Learn Your American History: Christianity and Slavery's Fucked-Up Relationship

It was such an inevitable reaction that you gotta figure President Barack Obama was just trolling for shits and giggles. At the National Prayer Breakfast (motto: "I guess I gotta pretend I'm not an atheist for a little while"), Obama made a speech that was full of the kind of humility that, you know, the Bible asks of people. He said that Christians need to stop being such smug fucks about the superiority of their faith over Islam: "And lest we get on our high horse and think this is unique to some other place, remember that during the Crusades and the Inquisition, people committed terrible deeds in the name of Christ. In our home country, slavery and Jim Crow all too often was justified in the name of Christ."

Of course, the nutzoid right lost its goddamned mind. Whether it was the accusation that Obama was comparing "Christianity to ISIL" (which he quite specifically was not) or dismissing it with "the Crusades were almost a thousand years ago" or saying something along the lines of "Well, the Crusades were really a retaliation for Islamic incursions into Christian territory," everything said by the insulted Jesus fellaters pretty much proved what Obama was actually saying: All religions have their crazies and their violence. Don't think you're so fuckin' special. And the fact that the violence is part of the religion doesn't make the religion all bullshit. (Note: All religions are bullshit, but let's pretend.)

Maybe a history lesson is in order here. 'Cause, see, in the United States, Christianity wasn't just used to justify slavery. It was a key component to the maintenance of the slave system and a reason why the Civil War was fought. Don't believe the Rude Pundit. Believe fuckin' history, man.

For instance, here's James Henry Thornwell, a South Carolina Presbyterian minister, writing in 1861:

"[W]e cannot but accept it as a gracious providence that [slaves] have been brought in such numbers to our shores and redeemed from the bondage of barbarism and sin. Slavery to them has certainly been overruled for the greatest good. It has been a link in the wondrous chain of providence, through which many sons and daughters have been made heirs of the heavenly inheritance... As long as that race, in its comparative degradation, coexists, side by side with the white, bondage is its normal condition."

You got that? It's awesome that whites enslaved millions of people because it gave them a chance to hang out with the invisible sky wizard after they die. In fact, the promise of an eternity of cloud beds and good food and no whipping was used as a way to coerce slaves into behaving (although, we know, many slaves were smart enough to know it was bullshit).

Or, hey, how about this from Robert Lewis Dabney from the same time period, about how to apply the Golden Rule to slavery? It's a magnificent clusterfuck of tautology and sophistry: "Surely the principle of the Golden Rule binds the slave just as much as the master. If the desire which one would feel..must govern each man's conduct, then the slave may be very sure that, were he the master, he would naturally desire to retain the services of the slaves who were his lawful property. Therefore, according to. this abolition rule, he is morally bound to decline his own liberty; i.e., to act towards his master as he, were he the master, would desire his slave to act." See? If you were a master, you'd want slaves. Love Jesus. Good night. That is quoted regularly on white supremacist websites.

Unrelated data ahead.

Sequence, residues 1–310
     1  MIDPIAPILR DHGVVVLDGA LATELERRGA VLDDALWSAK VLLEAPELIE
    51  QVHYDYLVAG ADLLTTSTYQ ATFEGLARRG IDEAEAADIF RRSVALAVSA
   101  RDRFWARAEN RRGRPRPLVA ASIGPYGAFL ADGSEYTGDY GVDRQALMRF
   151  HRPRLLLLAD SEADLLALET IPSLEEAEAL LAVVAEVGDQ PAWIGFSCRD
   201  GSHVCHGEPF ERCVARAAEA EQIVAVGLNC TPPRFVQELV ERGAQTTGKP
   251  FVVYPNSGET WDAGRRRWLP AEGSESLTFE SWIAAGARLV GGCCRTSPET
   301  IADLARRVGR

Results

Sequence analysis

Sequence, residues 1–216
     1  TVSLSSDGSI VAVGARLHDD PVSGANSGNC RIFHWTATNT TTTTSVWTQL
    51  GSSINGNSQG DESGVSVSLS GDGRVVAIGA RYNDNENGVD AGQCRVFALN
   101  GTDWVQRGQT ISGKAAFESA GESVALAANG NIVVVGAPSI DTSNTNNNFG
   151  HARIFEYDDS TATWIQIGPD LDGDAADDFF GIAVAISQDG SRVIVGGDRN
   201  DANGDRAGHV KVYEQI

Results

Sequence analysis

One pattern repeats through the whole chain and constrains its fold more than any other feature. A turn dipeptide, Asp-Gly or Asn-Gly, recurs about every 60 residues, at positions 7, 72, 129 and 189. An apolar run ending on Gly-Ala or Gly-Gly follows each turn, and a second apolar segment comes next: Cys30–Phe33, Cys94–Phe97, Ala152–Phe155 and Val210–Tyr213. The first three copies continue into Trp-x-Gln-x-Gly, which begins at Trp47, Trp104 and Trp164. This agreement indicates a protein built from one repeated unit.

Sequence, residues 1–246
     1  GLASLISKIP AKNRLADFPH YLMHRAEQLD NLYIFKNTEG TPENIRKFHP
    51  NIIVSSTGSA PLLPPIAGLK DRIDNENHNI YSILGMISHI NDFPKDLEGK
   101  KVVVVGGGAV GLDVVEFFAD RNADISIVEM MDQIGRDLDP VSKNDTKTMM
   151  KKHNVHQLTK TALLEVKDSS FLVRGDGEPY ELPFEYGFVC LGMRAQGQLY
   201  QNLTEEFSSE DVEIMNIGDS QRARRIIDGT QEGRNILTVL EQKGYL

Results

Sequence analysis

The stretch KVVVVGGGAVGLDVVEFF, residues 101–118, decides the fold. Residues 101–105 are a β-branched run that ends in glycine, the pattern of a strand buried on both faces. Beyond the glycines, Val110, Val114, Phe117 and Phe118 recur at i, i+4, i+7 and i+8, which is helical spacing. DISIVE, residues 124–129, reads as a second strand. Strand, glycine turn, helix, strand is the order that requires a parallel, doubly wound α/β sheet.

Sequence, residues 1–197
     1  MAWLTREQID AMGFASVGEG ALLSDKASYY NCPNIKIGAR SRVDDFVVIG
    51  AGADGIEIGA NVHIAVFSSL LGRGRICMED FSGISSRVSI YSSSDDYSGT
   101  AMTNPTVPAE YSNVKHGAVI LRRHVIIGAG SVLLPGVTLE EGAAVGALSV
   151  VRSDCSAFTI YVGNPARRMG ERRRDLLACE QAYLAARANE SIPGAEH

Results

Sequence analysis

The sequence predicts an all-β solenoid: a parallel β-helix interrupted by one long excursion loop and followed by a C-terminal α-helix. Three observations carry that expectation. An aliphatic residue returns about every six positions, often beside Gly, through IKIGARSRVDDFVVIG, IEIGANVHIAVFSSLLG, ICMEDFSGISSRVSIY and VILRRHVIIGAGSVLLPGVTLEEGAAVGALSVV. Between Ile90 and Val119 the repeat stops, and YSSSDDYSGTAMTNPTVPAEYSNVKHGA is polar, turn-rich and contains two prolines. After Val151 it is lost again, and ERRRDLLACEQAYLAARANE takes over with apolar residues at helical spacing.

Of course, this could go on for a very long time. It could include the bible verses that talk about how slaves should be cool with their masters. It could include the ways that hateful people opposed to civil right used religion to justify that hate. Shit, the KKK lynched and burned black people and said it was cool because of Christian belief. That is ISIS-like terrorism, and it wasn't a long, long time ago.

The right-wing Christian reaction (and even the reaction of some on the left, like Lawrence O'Donnell) misses the point. It's not that evil shit was done 800 or 150 years ago. It's that shit was done. Period. And that doesn't excuse the evil shit being done now. It just gives perspective: as much as Christianity was used to perpetrate evil, it was used to make things right, especially with African Americans.

And, frankly, what the upset Christians are implying in their desire to pin the crimes of ISIS and al-Qaeda on Islam as a whole is that we need a religious war. Which means, of course, that atrocities will be committed in the name of Christ. Followed by more atrocities in the name of Allah. Followed by...